Category Archives: equal pay claim

Consultation Launched On Gender Pay Gap Reporting

The government equalities office has just launched a consultation on gender pay gap reporting whichGender pay reporting will close on 6 September 2015.  The reason for this is that the government is committed to introducing regulations that will require companies to publish their gender pay gaps clearly identifying the differences between average pay for males and females.

Research has shown that the UK falls way behind in the league table of worldwide equal pay.  Iceland, Finland, Norway and Sweden are the top ranking countries for equality.  Four decades on from the Equal Pay Act working women in the UK continue to lose out.

The regulations will only apply to companies in the UK with at least 250 employees so small and medium sized businesses will not be affected.  Furthermore public authorities will not be included as they already have broad equality obligations compared to the private sector.

The regulations will be in place by March 2016 but will not take place immediately so that employers have time to prepare for implementation.

The Government appears to be considering the following options in terms of what will be reported:

1. Reporting one overall gender pay gap figure that captures the difference between the average earnings of men and women across the organisation as a percentage of men’s earnings.

2. Reporting separate gender pay gap figures for full-time and part-time employees.

3. Showing the difference in average earnings of men and women by grade or job type.

Highlighting pay differences could expose companies to equal pay claims.  There will therefore be the need to put pay decisions in context as there may be fair reasons for these.

A failure to comply with the rules could, ultimately, be treated as an offence, attracting a fine.

In anticipation of the regulations being implement employers should consider the following actions:

• Be proactive – doing nothing is not an option. Understanding your pay arrangements will help you manage and present information meaningfully and in context.

• Review all current pay practices across your organisation in order to understand the differentials which may exist.

• Consider gender pay gaps which exist on a departmental/geographical/functional level and compare these with the composition of your workforce.

• Analyse the rationale behind your current arrangements to identify potential risk areas.

• Consider implementing a job evaluation scheme which will help provide defence for pay gaps

A link to consultation paper can be found at

Employers will ultimately have to address gender pay gap issues.





Why Bother About Equal Pay?

The recent high profile case where 170 women have been given the right to take an equal pay case against Birmingham City Council brings equal pay firmly in the spotlight.  The workers, mainly women who worked in traditionally-female roles, such as cooks, cleaners and care staff won the right to seek compensation in the civil courts for missed  bonuses.  The women were among workers who had been denied bonuses which had been given to staff in traditionally male-dominated jobs such as refuse collectors, street cleaners, road workers and grave diggers. For example, the annual salary of a female manual grade 2 worker was £11,127, while the equivalent male salary was £30,599. The men received a bonus of up to £15,000 per year.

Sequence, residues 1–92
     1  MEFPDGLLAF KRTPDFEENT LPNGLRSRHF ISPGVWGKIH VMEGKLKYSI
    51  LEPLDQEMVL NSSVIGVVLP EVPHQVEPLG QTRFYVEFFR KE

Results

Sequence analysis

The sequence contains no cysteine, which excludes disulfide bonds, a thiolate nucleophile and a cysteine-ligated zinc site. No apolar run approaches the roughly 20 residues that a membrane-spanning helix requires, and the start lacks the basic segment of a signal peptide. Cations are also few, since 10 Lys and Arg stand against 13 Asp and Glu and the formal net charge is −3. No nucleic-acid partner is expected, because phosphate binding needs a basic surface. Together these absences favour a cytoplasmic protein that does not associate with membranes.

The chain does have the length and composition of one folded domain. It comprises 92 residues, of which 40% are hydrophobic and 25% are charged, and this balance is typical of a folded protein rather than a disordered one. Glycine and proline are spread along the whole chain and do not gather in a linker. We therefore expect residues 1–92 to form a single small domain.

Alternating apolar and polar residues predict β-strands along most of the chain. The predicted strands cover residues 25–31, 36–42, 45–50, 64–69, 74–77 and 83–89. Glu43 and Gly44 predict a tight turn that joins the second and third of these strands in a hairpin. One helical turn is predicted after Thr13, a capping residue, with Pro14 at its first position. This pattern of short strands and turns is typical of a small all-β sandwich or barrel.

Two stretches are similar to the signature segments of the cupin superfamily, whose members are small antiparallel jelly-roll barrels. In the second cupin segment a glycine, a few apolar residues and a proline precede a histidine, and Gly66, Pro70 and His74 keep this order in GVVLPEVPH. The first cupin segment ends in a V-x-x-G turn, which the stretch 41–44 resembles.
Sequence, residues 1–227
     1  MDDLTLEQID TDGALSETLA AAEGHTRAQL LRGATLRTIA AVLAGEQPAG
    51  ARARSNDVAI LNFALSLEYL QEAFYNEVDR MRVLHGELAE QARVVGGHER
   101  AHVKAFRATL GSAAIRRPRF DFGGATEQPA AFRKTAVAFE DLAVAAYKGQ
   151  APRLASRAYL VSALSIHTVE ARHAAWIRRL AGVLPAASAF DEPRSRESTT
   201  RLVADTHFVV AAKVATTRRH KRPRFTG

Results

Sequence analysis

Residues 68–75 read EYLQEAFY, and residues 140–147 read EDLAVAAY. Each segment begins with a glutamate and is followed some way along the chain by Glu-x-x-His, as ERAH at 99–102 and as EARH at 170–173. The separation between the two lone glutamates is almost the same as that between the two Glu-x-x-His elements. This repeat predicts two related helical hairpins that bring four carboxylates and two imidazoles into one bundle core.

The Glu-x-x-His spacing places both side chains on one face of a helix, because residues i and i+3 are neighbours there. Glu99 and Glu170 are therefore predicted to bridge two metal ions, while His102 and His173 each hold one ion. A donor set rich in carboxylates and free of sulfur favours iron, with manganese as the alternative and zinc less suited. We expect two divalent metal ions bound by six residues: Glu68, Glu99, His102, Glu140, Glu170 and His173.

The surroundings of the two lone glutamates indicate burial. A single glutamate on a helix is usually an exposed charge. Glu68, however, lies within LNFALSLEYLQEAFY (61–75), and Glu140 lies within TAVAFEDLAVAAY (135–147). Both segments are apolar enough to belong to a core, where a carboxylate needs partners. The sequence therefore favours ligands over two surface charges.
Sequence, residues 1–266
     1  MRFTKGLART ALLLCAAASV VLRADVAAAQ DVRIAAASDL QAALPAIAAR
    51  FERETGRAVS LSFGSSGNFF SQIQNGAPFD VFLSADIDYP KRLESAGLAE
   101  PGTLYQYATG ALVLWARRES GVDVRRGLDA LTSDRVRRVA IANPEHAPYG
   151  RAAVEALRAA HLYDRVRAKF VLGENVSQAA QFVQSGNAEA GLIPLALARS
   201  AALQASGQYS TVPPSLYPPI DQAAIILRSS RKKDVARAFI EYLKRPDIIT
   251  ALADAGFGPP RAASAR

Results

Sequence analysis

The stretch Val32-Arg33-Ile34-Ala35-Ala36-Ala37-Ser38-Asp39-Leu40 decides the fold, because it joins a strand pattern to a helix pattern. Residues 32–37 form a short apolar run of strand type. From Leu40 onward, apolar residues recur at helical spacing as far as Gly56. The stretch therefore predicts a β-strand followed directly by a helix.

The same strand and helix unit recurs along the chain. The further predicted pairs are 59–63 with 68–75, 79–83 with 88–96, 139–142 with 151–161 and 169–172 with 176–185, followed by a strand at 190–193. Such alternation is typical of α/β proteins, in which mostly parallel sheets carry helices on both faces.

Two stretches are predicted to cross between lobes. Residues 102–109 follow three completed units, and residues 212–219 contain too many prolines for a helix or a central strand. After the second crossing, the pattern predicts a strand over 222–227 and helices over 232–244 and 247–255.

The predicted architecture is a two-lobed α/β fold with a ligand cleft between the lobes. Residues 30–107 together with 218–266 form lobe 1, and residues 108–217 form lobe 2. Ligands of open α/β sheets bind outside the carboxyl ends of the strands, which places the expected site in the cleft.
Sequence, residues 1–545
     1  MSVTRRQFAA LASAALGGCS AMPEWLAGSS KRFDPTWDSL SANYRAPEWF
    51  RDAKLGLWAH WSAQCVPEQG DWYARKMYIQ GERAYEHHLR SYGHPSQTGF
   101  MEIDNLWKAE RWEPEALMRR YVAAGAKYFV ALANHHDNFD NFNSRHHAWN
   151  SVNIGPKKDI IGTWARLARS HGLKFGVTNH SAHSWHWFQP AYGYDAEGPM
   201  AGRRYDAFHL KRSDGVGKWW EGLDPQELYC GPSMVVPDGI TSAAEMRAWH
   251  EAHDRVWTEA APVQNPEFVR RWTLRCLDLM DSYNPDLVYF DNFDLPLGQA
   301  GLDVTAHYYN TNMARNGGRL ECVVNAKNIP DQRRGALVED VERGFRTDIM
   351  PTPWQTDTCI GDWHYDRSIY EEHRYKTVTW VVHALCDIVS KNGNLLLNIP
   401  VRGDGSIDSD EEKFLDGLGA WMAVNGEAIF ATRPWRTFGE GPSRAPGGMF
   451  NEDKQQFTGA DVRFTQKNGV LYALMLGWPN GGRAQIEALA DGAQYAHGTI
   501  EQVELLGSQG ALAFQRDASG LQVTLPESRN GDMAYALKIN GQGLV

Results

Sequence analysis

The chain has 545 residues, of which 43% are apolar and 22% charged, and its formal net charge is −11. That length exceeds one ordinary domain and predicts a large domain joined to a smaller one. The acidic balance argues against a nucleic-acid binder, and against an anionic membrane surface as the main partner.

Usually such claims have to be made within six months leaving a job in an employment tribunal, but the Supreme court has over ruled that principle in this case.  These employees now have six years to raise a claim with the potential for a £2 million payout. They are likely to win and cost Birmingham City Council many millions of pounds.  This “landmark” judgement could have huge implications for potentially thousands of other workers including in the private sector.

This case is remarkable given the existence of over 40 years of equal pay legislation.  In 1970 the Equal Pay Act was brought in following a fight by women sewing machinists employed by Ford to stitch the car seating who were paid much less than their male equivalents who assembled the cars.  Whilst the men and women did different jobs, the value of their jobs was deemed to have the same demands in terms of effort, skill and decision-making ie work of equal value.  This and equal work underpins equal pay legislation.  Equal work can be the same or broadly similar (known as like work) or different but equivalent (known as work rated as equivalent).  However men on average are paid more than 10% more than women. 

Organisations that want to pre-empt claims being laid at their door need to start thinking how to head off such claims.  One way would be to undertake an equal pay audit.  The EHRC provides a toolkit which is a guide for employers carrying out an equal pay audit.  It is designed for businesses with over 50 employees. It helps carry out an equal pay audit related to gender, race, disability or working patterns.  Equal pay audits are recommended in the Code of Practice on Equal Pay.

Another alternative would be to undertake a job evaluation process across an organisation to identify areas of weakness to review and correct.  Job evaluation is the systematic evaluation of the worth of jobs in relation to other jobs in an organisation.  An analytical job evaluation scheme provides a good defence in an equal pay claim whereas a non-analytical scheme such as job ranking or job comparison would not provide the same defence as it is based on subjective opinion.  Therefore a factor comparison scheme such as NJC job evaluation or Hay would provide robust defence.